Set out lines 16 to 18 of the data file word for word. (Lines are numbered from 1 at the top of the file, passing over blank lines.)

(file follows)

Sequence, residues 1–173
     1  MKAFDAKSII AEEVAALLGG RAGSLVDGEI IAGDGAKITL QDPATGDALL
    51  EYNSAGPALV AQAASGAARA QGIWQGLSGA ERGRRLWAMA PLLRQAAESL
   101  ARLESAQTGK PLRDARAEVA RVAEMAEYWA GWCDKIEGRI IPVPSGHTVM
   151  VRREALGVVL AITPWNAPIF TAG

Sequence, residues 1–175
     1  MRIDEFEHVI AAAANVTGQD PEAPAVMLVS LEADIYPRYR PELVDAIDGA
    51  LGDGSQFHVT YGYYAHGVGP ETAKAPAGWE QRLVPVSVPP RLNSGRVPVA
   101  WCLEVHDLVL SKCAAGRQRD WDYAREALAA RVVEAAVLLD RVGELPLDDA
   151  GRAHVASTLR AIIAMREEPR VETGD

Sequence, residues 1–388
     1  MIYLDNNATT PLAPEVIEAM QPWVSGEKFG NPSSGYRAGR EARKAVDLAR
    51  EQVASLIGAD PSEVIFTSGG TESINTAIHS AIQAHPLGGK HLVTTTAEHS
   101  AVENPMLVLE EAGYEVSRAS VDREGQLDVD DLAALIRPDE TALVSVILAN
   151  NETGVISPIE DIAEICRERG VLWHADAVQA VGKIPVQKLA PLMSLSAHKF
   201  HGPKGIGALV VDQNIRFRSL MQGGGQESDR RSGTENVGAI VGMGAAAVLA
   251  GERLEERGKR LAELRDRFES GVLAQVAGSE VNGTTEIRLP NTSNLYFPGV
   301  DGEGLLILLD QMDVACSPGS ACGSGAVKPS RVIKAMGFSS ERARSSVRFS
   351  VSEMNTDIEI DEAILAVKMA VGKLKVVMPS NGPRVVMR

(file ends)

   201  HGPKGIGALV VDQNIRFRSL MQGGGQESDR RSGTENVGAI VGMGAAAVLA
   251  GERLEERGKR LAELRDRFES GVLAQVAGSE VNGTTEIRLP NTSNLYFPGV
   301  DGEGLLILLD QMDVACSPGS ACGSGAVKPS RVIKAMGFSS ERARSSVRFS